I just published a new book called The Best from a Blog for Archery Coaches. And, no I don’t expect you to buy it if you have been following this blog for any time (but you could recommended to others, just sayin’).
I took almost 350 posts from this blog that I thought were helpful or interesting and made a book out of them. I did this for a couple of reasons. One is I could make a little money from this blog (Okay I admit it!), and two I am getting somewhat long in the tooth. I have seen more than just a couple of archery information sources on the Internet disappear. What if WordPress goes belly up? What if WordPress gets taken over by corporate raiders who then require payment for continuation? What if I die? What happens to this blog? Is it left up? Will someone else take it over?
Our book publishing program has a feature to it based upon my first experience in seeking out archery books. When I got into coaching archery I did very extensive searches to find resources for archery coaches, and came up mostly dry (at that time). I then looked specifically for archery books and found great quantities of them, 95+% of which were out of print, so the only way to find them was to scour used book shops (made easier today by services like Abebooks and Bookfinder). We ultimately decided to go the “print on demand” route, which means that books are only printed when there is an order placed. Large stocks of books are not printed and stored (inventory, ugh!). There used to be a minimum print run for books, often 5000 or 10,000 copies and something needed to be done with them until they were sold.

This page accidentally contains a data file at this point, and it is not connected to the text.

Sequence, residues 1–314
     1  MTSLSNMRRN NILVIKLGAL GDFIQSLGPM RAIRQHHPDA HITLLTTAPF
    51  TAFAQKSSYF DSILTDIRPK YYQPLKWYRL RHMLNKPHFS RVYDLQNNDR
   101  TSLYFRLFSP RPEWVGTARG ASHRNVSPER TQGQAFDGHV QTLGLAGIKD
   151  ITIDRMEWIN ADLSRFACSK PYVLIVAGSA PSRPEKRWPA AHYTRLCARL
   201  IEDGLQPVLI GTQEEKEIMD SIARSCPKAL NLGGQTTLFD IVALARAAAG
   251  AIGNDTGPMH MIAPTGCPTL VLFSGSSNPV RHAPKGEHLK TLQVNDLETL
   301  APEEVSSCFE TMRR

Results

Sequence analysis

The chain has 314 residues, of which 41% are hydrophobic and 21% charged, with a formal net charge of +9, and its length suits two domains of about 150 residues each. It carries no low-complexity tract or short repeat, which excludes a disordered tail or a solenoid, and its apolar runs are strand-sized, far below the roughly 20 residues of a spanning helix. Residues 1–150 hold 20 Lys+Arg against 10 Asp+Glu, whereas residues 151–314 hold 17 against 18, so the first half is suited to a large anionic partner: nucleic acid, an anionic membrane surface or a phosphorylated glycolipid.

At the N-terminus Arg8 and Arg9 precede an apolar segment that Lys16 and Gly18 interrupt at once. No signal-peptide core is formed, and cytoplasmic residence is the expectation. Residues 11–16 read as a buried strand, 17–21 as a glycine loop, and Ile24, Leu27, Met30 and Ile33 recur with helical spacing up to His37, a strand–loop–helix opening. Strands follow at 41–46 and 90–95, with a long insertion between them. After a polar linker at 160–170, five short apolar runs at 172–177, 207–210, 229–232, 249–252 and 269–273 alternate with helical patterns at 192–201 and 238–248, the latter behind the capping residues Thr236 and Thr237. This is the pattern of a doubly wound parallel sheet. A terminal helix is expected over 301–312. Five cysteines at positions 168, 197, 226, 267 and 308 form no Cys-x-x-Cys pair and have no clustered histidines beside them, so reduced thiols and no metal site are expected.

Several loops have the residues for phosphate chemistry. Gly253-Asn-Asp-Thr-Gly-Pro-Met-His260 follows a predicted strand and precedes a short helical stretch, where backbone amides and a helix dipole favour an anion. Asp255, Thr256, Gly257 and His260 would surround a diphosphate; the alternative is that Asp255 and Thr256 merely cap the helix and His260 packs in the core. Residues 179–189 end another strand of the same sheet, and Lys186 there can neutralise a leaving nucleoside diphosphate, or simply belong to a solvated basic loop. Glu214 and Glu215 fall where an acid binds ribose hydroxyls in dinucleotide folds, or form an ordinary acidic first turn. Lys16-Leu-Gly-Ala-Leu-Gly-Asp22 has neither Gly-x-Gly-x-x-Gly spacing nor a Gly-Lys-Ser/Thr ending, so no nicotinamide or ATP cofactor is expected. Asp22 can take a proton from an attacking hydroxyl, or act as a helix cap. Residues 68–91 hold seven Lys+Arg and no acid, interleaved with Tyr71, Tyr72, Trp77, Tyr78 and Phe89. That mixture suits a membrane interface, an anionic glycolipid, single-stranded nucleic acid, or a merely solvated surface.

With Print On Demand, books will never (well, hardly ever) go out of print, because the only thing stored are two files: typically one for the cover and the other for the interior content. So, this book, along with the rest of those we produce, will be available for a very long time, if we keep the channels of production open. (We will instruct our heirs what to do to keep receiving royalty checks.)
More importantly, we are currently republishing Al Henderson’s archery coaching magnus opus, Peak Performance Archery. More on that later.